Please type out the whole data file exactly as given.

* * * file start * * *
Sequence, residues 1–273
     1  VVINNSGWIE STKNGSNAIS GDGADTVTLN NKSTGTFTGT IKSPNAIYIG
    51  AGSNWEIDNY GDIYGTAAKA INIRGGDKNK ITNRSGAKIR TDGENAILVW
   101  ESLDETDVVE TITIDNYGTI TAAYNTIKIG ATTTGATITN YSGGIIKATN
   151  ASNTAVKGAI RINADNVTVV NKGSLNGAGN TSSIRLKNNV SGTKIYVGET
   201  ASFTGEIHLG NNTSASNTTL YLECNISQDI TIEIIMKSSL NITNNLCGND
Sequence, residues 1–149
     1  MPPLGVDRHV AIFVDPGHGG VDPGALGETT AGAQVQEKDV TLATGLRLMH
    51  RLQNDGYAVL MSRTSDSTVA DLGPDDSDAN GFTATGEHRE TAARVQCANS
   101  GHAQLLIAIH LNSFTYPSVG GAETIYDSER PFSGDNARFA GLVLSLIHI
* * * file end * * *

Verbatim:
Sequence, residues 1–273
     1  VVINNSGWIE STKNGSNAIS GDGADTVTLN NKSTGTFTGT IKSPNAIYIG
    51  AGSNWEIDNY GDIYGTAAKA INIRGGDKNK ITNRSGAKIR TDGENAILVW
   101  ESLDETDVVE TITIDNYGTI TAAYNTIKIG ATTTGATITN YSGGIIKATN
   151  ASNTAVKGAI RINADNVTVV NKGSLNGAGN TSSIRLKNNV SGTKIYVGET
   201  ASFTGEIHLG NNTSASNTTL YLECNISQDI TIEIIMKSSL NITNNLCGND
Sequence, residues 1–149
     1  MPPLGVDRHV AIFVDPGHGG VDPGALGETT AGAQVQEKDV TLATGLRLMH
    51  RLQNDGYAVL MSRTSDSTVA DLGPDDSDAN GFTATGEHRE TAARVQCANS
   101  GHAQLLIAIH LNSFTYPSVG GAETIYDSER PFSGDNARFA GLVLSLIHI